•Q. OK, I know this is a pretty ridiculous question, but I’ve done a little research and can’t find anything written on the subject. I was wondering if it’s possible to implement a sort of pull-start system (like a lawnmower has) on my truck. The reason I would want this is for a situation such as a dead battery with no one to give me a jump-start. I just figured that it would be nice to have a system like this for occasional use. Now, I know I can just buy a portable jump-starter and keep that in my truck, but is a modification such as this possible? I appreciate your time and help.•

RAY: Sure. On almost every car, there’s a big, fat nut on the crankshaft pulley that bolts to the front of the crankshaft. That’s the pulley with the serpentine belt running around it. If you were to turn that nut, you’d be turning the crankshaft and thereby “cranking the car.”

TOM: In fact, on old cars like the Model T Fords, that’s exactly what people did. They went to the front of the car, fit a wrench on that nut and “cranked it” until the engine started.

RAY: But it’s not so easy with modern cars. First of all, you don’t have easy access to it. Most modern engines are mounted transversely (aka installed sideways). So you’d have to smash a hole in one of your front fenders to get at the crankshaft pulley with a crank handle.

TOM: And even on a truck with a longitudinally mounted engine, like yours, you’d still have to blast a hole through the radiator.

RAY: But more importantly, it’s not easy to crank a modern engine. By comparison, Model T engines were tiny. You simply wouldn’t be strong enough to turn over a modern, high-compression engine by hand – even with the mechanical advantage of a pull starter or a wrench.

TOM: Think about it: Even a tiny lawnmower engine takes some effort to pull-start, and lawnmowers typically have 0.15-liter engines, as compared with the 2.0- to 3.0-liter engines found in typical cars. Or 4.0-, 5.0- and 6.0-liter engines in trucks!

RAY: So, a pull start is out of the question. But if you still want to pursue this idea, I guess you could employ some sort of separate electric motor to help you turn the crankshaft. Actually, we have those. They’re called starter motors! Your car already has one.

TOM: I suppose you could buy yourself a powerful electric drill instead – something that delivers, say, 5 horsepower (the starter motor, for comparison, delivers 8-10 hp). But that drill will cost you about $4,000. And don’t forget the cost to replace the radiator you had to pop a hole in.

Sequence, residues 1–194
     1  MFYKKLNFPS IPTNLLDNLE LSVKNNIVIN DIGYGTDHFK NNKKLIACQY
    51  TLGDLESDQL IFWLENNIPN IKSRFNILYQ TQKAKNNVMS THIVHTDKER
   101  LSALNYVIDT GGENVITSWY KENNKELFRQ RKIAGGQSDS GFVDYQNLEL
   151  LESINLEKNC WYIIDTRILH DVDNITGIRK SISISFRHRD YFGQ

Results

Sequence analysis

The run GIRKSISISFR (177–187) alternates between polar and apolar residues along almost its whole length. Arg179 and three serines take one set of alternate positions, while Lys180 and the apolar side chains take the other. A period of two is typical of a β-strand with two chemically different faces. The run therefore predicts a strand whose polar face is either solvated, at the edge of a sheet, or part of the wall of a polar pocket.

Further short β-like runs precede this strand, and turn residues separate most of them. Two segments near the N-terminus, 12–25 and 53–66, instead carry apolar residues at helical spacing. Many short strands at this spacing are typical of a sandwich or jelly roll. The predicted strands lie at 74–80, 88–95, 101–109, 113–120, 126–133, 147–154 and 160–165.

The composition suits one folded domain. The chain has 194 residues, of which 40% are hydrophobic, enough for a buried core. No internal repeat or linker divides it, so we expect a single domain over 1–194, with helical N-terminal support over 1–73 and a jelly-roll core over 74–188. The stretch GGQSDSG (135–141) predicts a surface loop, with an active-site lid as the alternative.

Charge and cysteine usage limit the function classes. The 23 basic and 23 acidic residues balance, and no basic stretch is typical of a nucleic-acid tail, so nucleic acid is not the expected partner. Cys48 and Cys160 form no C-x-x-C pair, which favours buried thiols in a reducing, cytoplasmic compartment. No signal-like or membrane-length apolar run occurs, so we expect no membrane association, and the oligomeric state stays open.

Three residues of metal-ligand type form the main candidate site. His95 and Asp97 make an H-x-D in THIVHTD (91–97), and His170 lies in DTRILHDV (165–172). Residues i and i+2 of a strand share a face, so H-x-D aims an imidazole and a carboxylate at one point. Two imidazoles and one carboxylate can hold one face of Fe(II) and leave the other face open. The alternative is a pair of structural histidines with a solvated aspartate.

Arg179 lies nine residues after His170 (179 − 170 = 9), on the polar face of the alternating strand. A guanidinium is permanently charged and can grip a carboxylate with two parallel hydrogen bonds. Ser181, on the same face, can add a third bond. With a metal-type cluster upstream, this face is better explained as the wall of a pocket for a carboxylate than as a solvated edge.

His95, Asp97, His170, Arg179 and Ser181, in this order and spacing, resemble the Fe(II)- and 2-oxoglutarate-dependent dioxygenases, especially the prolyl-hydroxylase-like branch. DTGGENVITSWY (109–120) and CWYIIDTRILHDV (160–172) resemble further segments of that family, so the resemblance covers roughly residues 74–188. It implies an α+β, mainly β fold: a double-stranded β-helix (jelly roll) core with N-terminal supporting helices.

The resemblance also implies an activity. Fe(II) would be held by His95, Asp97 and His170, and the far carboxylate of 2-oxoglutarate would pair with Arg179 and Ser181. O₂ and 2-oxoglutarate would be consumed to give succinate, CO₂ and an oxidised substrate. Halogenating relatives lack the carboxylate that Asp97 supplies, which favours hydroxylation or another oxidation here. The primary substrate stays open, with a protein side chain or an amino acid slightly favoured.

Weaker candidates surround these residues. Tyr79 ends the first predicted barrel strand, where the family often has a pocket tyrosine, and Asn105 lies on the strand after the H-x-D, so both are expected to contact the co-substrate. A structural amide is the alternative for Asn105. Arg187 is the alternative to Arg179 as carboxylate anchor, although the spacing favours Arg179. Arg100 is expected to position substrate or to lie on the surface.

RAY: So as you suggested, this is a harebrained idea. You’re much better off with one of those portable “jump packs” that you can use to jump your battery. The most powerful one you can get (which is what you should look for, in terms of the amps it produces) will cost you less than $200. That’s the way to go.

•Q. My daughter has a Volvo named Smelly. It has a very distinct chemical smell that we cannot get rid of. We have had the car detailed, we’ve put an ozone machine in it for four days, we’ve left the doors open for days in the sun -- nothing puts a dent in the smell. She is 17 years old and drives to school every day, 45 minutes each way. She is in the car a lot, and I am concerned that it is unhealthy for her. Some of her friends say it smells like crayons.•

RAY: Does it smell like the Crayola 64 box with the built-in sharpener? Or more like a box of Dixon-Ticonderogas?

TOM: This one’s actually a mystery to us, as well as to many other people. There’s a minor epidemic of European car owners having flashbacks to first grade when they’re driving.

RAY: VW owners seem to complain the most about this mysterious crayon odor, but we see complaints from Volvo, Mercedes and BMW owners, too. And no one seems to know what material in the car is causing it.

TOM: If you haven’t already, you might as well ask your mechanic to take a sniff. Because if it’s not this Mysterious European Crayon Odor, it could be something common, like a small oil leak from the valve cover, or a leaking heater core, and an experienced mechanic should be able to identify it with a sniff or two.

RAY: You’ll have to find a mechanic in the “sweet spot” of his career, when he’s smelled enough leaks to know right away what it is but hasn’t smelled so many leaks that the inside of his nose is charred and useless.

TOM: Once you know what kind of a leak you’re looking for, you’re more than halfway to fixing it.

RAY: But my guess is that it’s not going to be oil or coolant (or an old magenta crayon that some kid pushed into the vents 100,000 miles ago). And your mechanic will be as stumped as everyone else is.

TOM: Speculation centers on the leather used for the seats of those cars (which does have an odd smell, although I would describe it more as “decaying carcass” than “crayon”), or the sound-insulation material that keeps engine and road noise from being overwhelming.

RAY: But it’s really speculation, as far as we can tell. So let’s ask your fellow readers for help. If anyone has had this crayon odor, and has had success in positively identifying it and getting rid of it, drop us a note and let us know. If we get anything that’s more than just speculation, we’ll pass it along.

TOM: In the meantime, if your daughter starts having visions of coloring books, have her roll down the windows.

Got a question about cars? Write to Click and Clack in care of this newspaper, or email them by visiting the Car Talk website at www.cartalk.com.